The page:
Weekly Market Commentary: Investing in an Up-and-Down Market
The volatility and classic 5 – 15% pullbacks we have seen in each of the past few years is perfectly normal and very likely to be a recurring pattern in 2013. There are several ways to benefit from market volatility and potentially enhance returns, including: more frequent tactical adjustments to portfolios, focusing on yield, using active management rather than passive indexing strategies, and increasing diversification by adding low-correlation investments.
Investing in an Up-and-Down Market
On Friday, the S&P 500 was up about 7% from the start of the year. This is very similar to the gains through mid-February in 2011 and 2012. These steady gains then began to be revealed as the first stage of a volatile year that frequently exhibited 5 – 15% swings in the stock market, as you can see in Figure 1.
Again in 2013, the stock market may post a gain, but those gains may be hard to discern during the course of a year that exhibits frequent swings of 5 – 15%. Fortunately, this volatility is perfectly normal.
The investing environment may be like that of 1994 and 2004, the last two times the economy experienced a transition in Federal Reserve (Fed) policy. Both 1994 and 2004 had multiple 5 – 15% pullbacks in the S&P 500 as the recovery matured, stimulus faded, and the Fed hiked interest rates marking a return to normal conditions. Both years also provided only single-digit buy-and-hold returns. Yet neither year marked the end of the bull market.
Just as in 1994 and 2004, market participants are likely to remain focused on the Fed over the coming two weeks. First, this week the Fed releases the minutes to their January meeting, providing more detail on the deliberations. Second, next week (February 26 – 27) Fed Chairman Ben Bernanke will deliver his semi-annual report on the economy and interest rates to House and Senate panels.
A key contributor to the volatility in 1994 and 2004 was the normalization of monetary policy — or, in other words, hikes to the federal funds rate by the Fed. The volatility began early in those years as the Fed signaled the coming of the rate hikes that took place later in the year. While a rate hike remains a year or two away at the earliest, the Fed is likely to begin to slow or stop the current bond-buying program, known as quantitative easing, later this year or very early in 2014. The Fed will likely note that this change in policy marks a “normalization” after providing exceptional liquidity since late 2008. Regardless of the Fed’s description, these steps toward a return to a more normal monetary environment are likely to lead to higher interest rates and tighter credit conditions for borrowers, even without the hikes to the federal funds rate that can weigh on the stock market.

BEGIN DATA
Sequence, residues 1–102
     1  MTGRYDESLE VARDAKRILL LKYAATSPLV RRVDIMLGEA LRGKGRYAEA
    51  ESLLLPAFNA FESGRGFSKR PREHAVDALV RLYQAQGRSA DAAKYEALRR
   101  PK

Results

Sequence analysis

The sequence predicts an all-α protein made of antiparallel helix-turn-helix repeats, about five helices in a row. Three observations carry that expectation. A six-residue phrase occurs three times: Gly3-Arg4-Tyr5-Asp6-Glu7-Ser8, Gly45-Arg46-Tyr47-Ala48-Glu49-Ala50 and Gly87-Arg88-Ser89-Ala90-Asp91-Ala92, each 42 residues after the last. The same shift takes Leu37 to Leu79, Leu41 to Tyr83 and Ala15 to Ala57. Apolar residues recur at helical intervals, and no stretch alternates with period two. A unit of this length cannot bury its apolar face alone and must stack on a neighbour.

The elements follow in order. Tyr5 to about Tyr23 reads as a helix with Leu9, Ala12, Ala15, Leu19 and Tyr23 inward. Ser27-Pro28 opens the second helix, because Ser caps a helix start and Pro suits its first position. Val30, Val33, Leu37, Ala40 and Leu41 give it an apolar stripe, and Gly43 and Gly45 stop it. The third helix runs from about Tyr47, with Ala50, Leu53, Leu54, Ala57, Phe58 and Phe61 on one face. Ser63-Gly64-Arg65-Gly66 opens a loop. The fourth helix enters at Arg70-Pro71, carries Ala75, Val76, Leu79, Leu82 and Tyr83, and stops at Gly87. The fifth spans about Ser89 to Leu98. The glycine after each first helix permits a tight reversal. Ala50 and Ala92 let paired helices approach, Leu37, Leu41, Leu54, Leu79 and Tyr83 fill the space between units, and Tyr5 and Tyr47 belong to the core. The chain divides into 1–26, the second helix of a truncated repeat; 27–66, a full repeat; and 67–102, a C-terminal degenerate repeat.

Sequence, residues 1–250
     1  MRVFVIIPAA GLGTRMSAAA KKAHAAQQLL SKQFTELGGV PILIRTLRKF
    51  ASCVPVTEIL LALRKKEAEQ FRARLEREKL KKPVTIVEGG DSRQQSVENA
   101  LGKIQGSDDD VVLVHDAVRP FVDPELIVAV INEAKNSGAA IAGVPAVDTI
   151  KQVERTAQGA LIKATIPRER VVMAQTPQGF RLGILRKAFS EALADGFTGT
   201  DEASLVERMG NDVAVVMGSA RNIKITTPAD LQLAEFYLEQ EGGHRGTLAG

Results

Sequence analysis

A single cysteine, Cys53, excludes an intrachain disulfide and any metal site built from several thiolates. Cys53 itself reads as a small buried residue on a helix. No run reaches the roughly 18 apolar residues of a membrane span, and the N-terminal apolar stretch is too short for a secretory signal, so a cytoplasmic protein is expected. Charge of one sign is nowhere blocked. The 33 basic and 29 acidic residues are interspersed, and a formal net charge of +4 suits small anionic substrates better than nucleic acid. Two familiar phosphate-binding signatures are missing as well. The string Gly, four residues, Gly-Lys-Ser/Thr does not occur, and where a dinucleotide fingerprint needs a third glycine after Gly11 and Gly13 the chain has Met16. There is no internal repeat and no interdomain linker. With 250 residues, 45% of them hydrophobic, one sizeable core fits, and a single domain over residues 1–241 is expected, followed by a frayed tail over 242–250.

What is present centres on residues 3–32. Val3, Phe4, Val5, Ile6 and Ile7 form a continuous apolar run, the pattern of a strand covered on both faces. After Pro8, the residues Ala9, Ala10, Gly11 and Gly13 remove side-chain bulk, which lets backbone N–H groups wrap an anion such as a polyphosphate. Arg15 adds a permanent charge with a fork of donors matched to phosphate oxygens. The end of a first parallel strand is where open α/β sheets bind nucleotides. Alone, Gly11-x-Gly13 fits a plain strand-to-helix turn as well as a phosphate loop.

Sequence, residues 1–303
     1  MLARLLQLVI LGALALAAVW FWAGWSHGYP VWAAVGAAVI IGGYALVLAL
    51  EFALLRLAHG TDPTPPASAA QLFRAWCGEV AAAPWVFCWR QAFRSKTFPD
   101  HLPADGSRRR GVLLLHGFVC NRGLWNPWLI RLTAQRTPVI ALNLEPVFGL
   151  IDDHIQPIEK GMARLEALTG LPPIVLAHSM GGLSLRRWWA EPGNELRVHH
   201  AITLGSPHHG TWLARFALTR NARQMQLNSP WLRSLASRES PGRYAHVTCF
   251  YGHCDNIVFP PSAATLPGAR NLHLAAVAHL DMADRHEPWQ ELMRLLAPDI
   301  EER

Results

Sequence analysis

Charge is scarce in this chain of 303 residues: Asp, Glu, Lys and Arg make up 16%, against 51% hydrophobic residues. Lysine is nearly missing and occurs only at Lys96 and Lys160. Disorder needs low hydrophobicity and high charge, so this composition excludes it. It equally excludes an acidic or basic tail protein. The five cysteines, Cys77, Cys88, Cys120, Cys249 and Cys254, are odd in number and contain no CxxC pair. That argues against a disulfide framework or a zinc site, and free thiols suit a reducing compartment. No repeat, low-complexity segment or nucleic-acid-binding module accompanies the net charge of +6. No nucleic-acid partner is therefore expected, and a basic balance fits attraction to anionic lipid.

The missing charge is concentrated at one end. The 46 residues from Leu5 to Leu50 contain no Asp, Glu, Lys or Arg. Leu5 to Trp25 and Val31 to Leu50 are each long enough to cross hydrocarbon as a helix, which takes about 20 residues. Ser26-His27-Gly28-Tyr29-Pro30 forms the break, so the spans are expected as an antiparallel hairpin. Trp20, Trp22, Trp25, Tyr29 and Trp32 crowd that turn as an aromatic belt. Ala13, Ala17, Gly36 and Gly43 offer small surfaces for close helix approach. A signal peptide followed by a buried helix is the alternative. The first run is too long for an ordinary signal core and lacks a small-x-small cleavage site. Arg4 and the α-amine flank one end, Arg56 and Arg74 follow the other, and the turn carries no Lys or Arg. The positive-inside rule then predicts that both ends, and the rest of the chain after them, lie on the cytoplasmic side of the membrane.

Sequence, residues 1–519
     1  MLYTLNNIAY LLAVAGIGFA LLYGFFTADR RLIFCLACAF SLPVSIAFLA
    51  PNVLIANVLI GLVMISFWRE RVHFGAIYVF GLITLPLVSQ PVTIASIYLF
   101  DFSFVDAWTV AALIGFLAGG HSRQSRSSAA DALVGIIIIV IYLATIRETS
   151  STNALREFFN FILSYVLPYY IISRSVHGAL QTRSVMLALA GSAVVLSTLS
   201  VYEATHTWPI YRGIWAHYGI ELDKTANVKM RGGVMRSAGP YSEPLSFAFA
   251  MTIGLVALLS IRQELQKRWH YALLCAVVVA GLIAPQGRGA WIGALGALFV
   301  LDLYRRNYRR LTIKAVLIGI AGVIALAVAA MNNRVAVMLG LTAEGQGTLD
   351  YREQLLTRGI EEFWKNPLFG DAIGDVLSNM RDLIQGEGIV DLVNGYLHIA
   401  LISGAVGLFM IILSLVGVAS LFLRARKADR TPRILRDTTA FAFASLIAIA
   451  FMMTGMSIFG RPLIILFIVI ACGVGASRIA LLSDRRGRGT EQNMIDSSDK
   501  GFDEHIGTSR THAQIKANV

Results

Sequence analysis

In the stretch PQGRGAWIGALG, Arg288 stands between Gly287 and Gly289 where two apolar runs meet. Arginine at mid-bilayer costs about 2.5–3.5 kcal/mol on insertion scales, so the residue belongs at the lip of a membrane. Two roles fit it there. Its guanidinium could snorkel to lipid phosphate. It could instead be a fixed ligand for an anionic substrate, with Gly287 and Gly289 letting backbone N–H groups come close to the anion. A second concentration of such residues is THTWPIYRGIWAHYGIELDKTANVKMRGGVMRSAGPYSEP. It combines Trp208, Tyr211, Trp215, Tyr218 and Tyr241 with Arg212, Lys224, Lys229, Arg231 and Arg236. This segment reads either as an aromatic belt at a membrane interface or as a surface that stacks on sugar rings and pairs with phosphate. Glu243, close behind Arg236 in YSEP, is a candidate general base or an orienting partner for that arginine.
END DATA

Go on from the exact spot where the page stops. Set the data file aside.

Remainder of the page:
Changes to Fed programs — or even deliberations months ahead of the potential end of a program or start of a new one — have punctuated the volatile moves in the market over the past five years, as you can see in Figure 2. The coming weeks could begin to reintroduce some Fed-related volatility to the markets if the Fed signals any potential upcoming actions. However, pronounced moves are more likely to come later in the year as the Fed is closer to a change in policy.
It is relatively easy to figure out how to invest when you believe the market is likely to go up or go down, but how do you invest when it is likely to go both up AND down? There are several potential ways to benefit from market volatility, including: Rebalance tactically – More frequent rebalancing and tactical adjustments to portfolios are recommended to take advantage of the opportunities created by the pullbacks and rallies. Seeking undervalued opportunities and taking profits are key elements of a successful volatility strategy. Seek yield – Focusing on the yield of an investment rather than solely on price appreciation can help enhance total returns. Bank loans and even alternative vehicles like master limited partnerships (MLPs) offer a potential yield advantage over investments that are solely price-driven during periods of high volatility. Go active – Using active management rather than passive indexing strategies to enhance returns. In general, active managers tend to outperform their indexes when volatility rises, according to LPL Financial Research analysis. Opportunistic-style investments provide a wide range of opportunities for managers to exploit during volatile markets. Think alternatively – Increase diversification by adding low-correlation investments and incorporating non-traditional strategies that aim to provide downside protection, risk management, and may benefit from an environment of increased volatility. This would include exposure to covered calls, managed futures, global macro, long/short, market neutral, and absolute return strategies.
Some investors are wary of this volatility and view it as a sign of a fragile market. We see volatility as a normal, and even potentially rewarding, part of the investing environment for those who know how to invest for volatility.
Tactical Management involves monitoring over a shorter time frame to potentially take advantage of opportunities as short as a few months, weeks, or even days. More timely changes may allow investors to benefit from rapidly changing opportunities within the market.
Active Management involves a single manager or a team of managers who actively manage a fund’s portfolio through research, analysis, forecasts, and their own investment-making decision process.
A Covered Call, also known as a buy-write, is an options strategy whereby an investor holds a long position in an asset and sells call options on that same asset to attempt to increase income.